I made a bold claim this summer: “When the end of the year arrives and we start compiling our lists of the best films of the year, De Palma will be at the top of mine.” Like many of the cavalier, self-satisfied predictions made by the media about how 2016 would turn out, mine, too, has been proven catastrophically false.
A professional media specialist like you might find it laughable that someone could watch this movie – a sci-fi blockbuster about the sudden appearance of giant potato chip-shaped spaceships at scenic locations across the globe – and claim to have experienced something akin to epiphany. But it’s true. I did. I was so deeply moved by this movie that upon leaving the theater I had that rare feeling – the feeling we all seek when interacting with art – of having gained some profound new understanding of the world around me. Both its cruelty and grace.
It’s a difficult experience to defend. Particularly in a critical review, which, my colleagues have recently reminded me, should be an act of discipline towards (and not an indulgence of) one’s aesthetic subjectivity. I am self-conscious that the experience I had with this film might be impossible to reproduce. So I won’t try to describe it to you. Instead I will share with you the simple philosophical idea around which the film (for me) revolved: the experience of agony is a worthwhile price to pay for the experience of joy.
This idea is powerfully expressed through one particular element of the plot. But it wasn’t the mechanics of that plot element that got to me; I figured out the “twist” long before the characters onscreen do (which is to say, long before director Denis Villeneuve and screenwriter Eric Heisserer make it explicit) and so was able to watch the pieces of the puzzle slowly come together (in fact, the reveal, delivered in subtitles, feels sort of awkward). But my epiphany had nothing to do with the satisfaction of solving a puzzle. It was the diegetic context in which that problem was solved; the thing that eventually happens to main character, the decision she must make.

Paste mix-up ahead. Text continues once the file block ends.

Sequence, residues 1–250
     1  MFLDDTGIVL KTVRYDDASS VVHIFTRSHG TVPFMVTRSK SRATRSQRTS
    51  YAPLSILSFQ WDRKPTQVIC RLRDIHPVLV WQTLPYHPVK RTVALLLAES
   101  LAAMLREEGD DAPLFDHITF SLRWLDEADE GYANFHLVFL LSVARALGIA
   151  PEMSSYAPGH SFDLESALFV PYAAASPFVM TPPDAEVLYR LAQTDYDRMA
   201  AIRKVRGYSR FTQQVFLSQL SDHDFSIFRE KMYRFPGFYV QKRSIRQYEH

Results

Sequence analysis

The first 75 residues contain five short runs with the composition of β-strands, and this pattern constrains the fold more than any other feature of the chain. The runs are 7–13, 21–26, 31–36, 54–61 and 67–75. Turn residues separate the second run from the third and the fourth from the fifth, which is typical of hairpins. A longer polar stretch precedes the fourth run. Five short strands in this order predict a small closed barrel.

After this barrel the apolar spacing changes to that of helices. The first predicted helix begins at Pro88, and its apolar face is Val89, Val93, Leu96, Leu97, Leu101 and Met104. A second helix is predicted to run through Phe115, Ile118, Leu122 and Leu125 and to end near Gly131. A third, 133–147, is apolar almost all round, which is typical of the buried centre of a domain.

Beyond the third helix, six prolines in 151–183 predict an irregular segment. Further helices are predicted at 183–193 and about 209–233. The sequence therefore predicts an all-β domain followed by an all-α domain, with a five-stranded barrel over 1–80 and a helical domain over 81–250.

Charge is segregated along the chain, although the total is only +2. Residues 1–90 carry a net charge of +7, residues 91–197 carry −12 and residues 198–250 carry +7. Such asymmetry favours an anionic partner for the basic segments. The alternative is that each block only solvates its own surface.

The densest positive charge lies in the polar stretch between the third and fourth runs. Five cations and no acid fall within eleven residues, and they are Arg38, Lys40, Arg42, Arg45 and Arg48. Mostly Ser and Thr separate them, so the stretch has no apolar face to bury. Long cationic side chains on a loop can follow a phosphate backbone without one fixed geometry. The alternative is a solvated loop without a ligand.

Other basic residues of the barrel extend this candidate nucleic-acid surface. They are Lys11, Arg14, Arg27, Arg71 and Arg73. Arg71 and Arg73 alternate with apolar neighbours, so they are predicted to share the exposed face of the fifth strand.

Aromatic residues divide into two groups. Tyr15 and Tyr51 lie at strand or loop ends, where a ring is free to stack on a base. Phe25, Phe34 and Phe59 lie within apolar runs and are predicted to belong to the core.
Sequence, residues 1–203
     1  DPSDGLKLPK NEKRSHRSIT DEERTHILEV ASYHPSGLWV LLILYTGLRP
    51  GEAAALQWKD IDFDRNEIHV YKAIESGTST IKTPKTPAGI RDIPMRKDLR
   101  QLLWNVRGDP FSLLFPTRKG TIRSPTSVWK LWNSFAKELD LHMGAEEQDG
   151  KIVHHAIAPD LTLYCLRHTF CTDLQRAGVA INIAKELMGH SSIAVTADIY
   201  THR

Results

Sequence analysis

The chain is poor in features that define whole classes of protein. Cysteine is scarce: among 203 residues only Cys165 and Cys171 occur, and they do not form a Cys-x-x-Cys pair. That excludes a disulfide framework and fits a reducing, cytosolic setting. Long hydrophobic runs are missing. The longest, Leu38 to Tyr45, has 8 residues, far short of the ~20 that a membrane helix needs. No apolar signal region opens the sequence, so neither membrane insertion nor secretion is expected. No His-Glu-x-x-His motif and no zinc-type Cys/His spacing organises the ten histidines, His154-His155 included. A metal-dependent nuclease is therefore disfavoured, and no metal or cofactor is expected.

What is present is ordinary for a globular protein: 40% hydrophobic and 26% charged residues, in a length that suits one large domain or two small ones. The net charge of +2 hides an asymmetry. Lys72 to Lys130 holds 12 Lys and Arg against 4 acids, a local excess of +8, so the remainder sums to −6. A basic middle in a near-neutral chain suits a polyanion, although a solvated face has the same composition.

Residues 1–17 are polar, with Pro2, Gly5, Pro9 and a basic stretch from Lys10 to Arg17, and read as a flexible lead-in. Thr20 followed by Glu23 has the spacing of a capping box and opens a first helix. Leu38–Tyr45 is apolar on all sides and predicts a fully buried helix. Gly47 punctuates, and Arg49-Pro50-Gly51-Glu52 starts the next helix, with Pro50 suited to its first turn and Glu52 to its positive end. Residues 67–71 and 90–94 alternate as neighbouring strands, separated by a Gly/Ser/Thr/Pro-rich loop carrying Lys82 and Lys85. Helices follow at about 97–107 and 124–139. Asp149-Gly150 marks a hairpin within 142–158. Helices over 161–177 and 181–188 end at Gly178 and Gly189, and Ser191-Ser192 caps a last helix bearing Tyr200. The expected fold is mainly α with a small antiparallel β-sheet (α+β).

And it wasn’t just the fact of that thing happening, or the consequences of that decision, but the way it was brought to life onscreen. The moments I’m talking about – which occur far away from the looming spaceships and the armies gathered around them – are so beautiful, so real, so true, so well-crafted by cinematographer Bradford Young, that they have become, in my memory, the entire film. Forget the amazing special effects, the topsy-turvy physics and cephalopod aliens and supernatural sunrise vistas—the image that sticks with me is a little girl collecting rocks on a shoreline.
It was that quiet moment (and those like it) that simultaneously crushed and inspired me. As a husband, and father, and member of the human race. And maybe that’s why Arrival feels so special: that unique commixture of being crushed and inspired. It’s so easy to make people sad; there are countless films that traffic in tragedy and heartsickness the way horror movies traffic in frights and comedies traffic in laughs. But rarely is that grief tempered with such optimism. Awful things happen in Arrival, and you’re glad that they did. Because, yes, the experience of agony is a worthwhile price to pay for the experience of joy.